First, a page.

LOS ANGELES – Actor and filmmaker Dante Basco remembered auditioning and drawing blank stares from Hollywood casting directors in the 1980s who asked him what his ethnic background was.
When he first began auditioning for roles, most people in the entertainment industry didn’t know what a Filipino was, he said.
“We’re such a chameleon race, and we’re also a race that’s just naturally mixed with Pacific Islander blood to Latino blood to Southeast Asian blood,” Basco said Thursday during a live streamed virtual event with his siblings to celebrate Filipino American History Month. “That gave us a lot of ways to play roles that were not ethnically Filipino. Whether Latino roles other Asian roles or Hawaiian roles, we’ve played all of them.”
He recalled that the first job he booked in Hollywood was the role of a Native American.
Throughout Thursday’s online event, hosted by Hapa Society, a group aiming to raise awareness of and celebrate mixed ancestry, the Basco family –recognized by the City of Los Angeles as the ‘First Filipino Entertainment Family‘ – reflected on the impact they’ve had in Hollywood and offered their insights in the entertainment industry.
The siblings collectively hold dozens of credits as actors, directors, producers and writers.
Basco is well-known for his portrayal of Rufio in the 1991 film “Hook” and Zuko in the animated series “Avatar: The Last Airbender.” Darion Basco in 2014 played the role of farm worker and labor leader Larry Itliong in “Cesar Chavez.” Arianna Basco recently made her directorial debut with the short film “Glimmer,” which was screened during the Los Angeles Asian Pacific Film Festival in October. Dion Basco is known for his role in the 2018 film “The Head Thieves.” Derek Basco has played several dozen roles in films including “The First Purge” in 2018 and “This Is 40” in 2012.
The siblings all appeared in “The Debut,” the first Filipino American film released theatrically nationwide. The four Basco brothers will reunite on the big screen for Dante Basco’s directorial debut, “The Fabulous Filipino Brothers,” which is narrated by Arianna Basco.
“Filipino creators continue to cement their place in the Entertainment Industry. Although Hollywood is beginning to notice us more, it’s up to us to tell our stories to our community that really matter,” Dante Basco told Inquirer.net in an email. “We are announcing, with Hapa Society, the first US Filipino movie that’s inspired by my family, our heritage, and culture because we all need to be inspired and celebrate being Filipino.”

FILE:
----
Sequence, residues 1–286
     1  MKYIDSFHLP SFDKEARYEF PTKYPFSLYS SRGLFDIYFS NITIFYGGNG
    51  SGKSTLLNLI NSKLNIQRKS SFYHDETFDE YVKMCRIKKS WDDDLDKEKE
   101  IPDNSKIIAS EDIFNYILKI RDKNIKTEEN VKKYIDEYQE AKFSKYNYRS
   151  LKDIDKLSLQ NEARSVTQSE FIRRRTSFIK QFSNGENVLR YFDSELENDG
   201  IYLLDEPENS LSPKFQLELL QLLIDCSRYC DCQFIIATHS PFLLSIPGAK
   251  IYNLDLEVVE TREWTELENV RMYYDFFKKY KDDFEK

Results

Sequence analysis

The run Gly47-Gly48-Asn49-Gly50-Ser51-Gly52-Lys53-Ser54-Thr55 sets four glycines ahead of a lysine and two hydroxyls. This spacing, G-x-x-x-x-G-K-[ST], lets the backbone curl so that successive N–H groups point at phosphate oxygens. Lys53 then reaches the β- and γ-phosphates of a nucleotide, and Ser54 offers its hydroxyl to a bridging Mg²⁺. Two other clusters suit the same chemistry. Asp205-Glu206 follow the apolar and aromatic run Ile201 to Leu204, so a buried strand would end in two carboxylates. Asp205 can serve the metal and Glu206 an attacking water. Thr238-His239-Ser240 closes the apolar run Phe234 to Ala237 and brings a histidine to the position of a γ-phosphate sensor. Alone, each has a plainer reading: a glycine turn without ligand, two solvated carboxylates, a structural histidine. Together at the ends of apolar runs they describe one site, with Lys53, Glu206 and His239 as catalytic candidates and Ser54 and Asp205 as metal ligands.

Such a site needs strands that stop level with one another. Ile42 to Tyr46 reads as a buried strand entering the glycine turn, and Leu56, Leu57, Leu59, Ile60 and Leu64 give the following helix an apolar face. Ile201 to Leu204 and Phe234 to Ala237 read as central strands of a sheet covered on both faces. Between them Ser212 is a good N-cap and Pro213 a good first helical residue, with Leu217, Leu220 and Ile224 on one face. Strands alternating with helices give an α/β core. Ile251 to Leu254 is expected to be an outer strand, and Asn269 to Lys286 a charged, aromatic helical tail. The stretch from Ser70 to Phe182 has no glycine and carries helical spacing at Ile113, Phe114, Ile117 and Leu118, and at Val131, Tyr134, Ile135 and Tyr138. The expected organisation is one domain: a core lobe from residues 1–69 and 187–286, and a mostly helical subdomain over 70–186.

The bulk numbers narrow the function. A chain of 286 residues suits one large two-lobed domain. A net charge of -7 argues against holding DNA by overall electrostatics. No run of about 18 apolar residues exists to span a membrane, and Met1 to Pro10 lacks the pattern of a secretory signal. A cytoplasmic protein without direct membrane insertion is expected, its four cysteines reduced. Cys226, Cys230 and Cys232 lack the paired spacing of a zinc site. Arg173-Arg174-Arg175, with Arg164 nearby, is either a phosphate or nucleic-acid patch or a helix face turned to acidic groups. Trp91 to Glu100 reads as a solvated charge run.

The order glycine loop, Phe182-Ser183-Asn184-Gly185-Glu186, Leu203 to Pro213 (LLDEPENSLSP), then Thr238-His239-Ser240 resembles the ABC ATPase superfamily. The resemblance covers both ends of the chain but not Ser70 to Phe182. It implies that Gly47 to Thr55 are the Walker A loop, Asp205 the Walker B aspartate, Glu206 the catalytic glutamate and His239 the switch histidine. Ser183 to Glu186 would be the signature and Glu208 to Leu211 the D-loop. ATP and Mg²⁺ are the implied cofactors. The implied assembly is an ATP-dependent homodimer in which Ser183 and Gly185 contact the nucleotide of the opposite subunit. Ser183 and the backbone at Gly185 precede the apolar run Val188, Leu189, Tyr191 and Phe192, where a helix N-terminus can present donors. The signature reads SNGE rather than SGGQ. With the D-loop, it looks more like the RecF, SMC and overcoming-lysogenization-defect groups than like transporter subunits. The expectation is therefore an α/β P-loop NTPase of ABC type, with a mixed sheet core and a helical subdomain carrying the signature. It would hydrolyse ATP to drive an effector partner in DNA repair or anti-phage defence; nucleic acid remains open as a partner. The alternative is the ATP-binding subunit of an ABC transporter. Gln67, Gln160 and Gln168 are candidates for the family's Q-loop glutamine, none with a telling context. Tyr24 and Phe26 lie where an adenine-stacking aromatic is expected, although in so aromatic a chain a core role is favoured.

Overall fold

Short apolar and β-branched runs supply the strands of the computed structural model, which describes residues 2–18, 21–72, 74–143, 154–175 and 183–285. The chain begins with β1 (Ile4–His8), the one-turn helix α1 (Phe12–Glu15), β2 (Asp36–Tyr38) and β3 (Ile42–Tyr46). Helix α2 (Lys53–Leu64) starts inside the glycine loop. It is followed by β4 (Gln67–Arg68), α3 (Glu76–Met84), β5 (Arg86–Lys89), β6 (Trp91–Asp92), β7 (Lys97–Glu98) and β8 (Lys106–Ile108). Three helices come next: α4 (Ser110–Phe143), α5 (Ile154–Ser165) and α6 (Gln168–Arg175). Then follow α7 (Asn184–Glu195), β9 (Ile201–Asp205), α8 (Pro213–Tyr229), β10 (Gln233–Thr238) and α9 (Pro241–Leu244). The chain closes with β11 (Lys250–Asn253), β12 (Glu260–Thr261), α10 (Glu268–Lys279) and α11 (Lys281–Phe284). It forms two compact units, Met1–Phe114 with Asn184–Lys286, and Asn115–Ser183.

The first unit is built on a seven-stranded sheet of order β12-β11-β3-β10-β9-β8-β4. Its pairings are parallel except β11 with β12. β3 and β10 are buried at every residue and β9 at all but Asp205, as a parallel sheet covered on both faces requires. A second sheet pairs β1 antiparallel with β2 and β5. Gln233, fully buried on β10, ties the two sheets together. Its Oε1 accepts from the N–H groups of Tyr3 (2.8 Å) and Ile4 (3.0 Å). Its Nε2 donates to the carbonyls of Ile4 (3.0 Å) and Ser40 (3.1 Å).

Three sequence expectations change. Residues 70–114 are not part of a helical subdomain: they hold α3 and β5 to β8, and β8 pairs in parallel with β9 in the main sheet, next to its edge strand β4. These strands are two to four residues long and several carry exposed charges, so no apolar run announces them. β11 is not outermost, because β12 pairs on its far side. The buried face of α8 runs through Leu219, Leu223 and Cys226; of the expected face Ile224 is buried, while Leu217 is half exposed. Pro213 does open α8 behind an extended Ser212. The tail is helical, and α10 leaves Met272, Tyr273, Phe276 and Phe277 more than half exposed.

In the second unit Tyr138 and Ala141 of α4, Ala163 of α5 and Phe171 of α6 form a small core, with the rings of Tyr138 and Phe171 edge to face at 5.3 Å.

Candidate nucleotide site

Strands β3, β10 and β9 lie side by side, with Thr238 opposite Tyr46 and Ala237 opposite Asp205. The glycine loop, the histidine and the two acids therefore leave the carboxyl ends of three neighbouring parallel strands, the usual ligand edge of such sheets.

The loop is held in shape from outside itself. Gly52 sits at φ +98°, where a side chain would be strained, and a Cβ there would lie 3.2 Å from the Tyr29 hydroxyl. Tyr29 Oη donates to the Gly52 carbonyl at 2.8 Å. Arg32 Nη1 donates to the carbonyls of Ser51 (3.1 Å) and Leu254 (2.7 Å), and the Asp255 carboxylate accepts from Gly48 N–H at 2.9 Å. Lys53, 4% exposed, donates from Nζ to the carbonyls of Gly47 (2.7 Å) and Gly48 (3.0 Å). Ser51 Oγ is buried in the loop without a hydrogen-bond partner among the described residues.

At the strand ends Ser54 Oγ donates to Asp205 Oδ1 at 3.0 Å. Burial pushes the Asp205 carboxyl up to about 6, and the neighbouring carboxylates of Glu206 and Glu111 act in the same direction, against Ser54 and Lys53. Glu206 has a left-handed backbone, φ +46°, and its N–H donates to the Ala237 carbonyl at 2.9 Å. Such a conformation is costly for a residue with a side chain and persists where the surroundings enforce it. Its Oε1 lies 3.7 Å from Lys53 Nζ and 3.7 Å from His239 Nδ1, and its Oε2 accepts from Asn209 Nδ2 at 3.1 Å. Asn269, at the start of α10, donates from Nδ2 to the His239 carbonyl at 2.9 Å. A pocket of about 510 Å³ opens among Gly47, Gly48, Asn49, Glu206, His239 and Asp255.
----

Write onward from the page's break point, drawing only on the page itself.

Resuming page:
Viewers who tuned into Thursday’s event were able to watch the trailer for the film – which has yet to be widely released – as well as performances by artists Ruby Ibarra and AJ Rafael, both of whom are featured in the soundtrack of “The Fabulous Filipino Brothers.”
The Bascos, in a panel discussion moderated by Arianna Basco, talked about a number of things and memories in entertainment, including what it’s like to work with family in Hollywood and why there is a need for more Filipino story tellers.
“If we don’t tell our stories, no one will. And they won’t tell it from our voice,” Dion Basco said.
One example is the story of the farmworkers’ movement and the role of Larry Itliong, which Darion Basco reflected on given his portrayal of the Filipino labor leader in “Caesar Chavez.”
“We as Filipinos are very integral in that story, and the story still hasn’t been told properly,” he said. “[Larry], with his compadres, the manongs of that time, were the ones who actually organized, unionized first before Mexicans, and forced Cesar’s hands and all of the Mexicans to come along and strike.”
The siblings also reflected on how being Filipino influences the projects they take on behind the camera.
Dante Basco said he pulled from his own family stories when he wrote “The Fabulous Filipino Brothers” and shared that the brothers in the upcoming film are named after their uncles. The film was filmed in Pittsburg, a city in Northern California where they grew up, which Derek Basco described as a nostalgic experience.
Darion Basco credited the cultural value of family as a big influence that contributes to the camaraderie between every person involved in their projects.
“The projects that we create are with family, and people who come on crew become family,” he said. “In that, there’s a certain level of respect. There’s a certain level of love that permeates through the work.”
He also credited his family as his support system that has allowed him to remain in the industry as long as he has.
For those looking to do the same, Darion Basco said that in addition to having a support system, it’s important for people to always work on whatever craft they’re pursuing and on themselves as an individual.
“Just try to understand that this life is about everything – it’s not just about success and being happy,” he said. “It’s about the whole journey of good and bad times, and really being able to understand that because it’s a roller coaster.”
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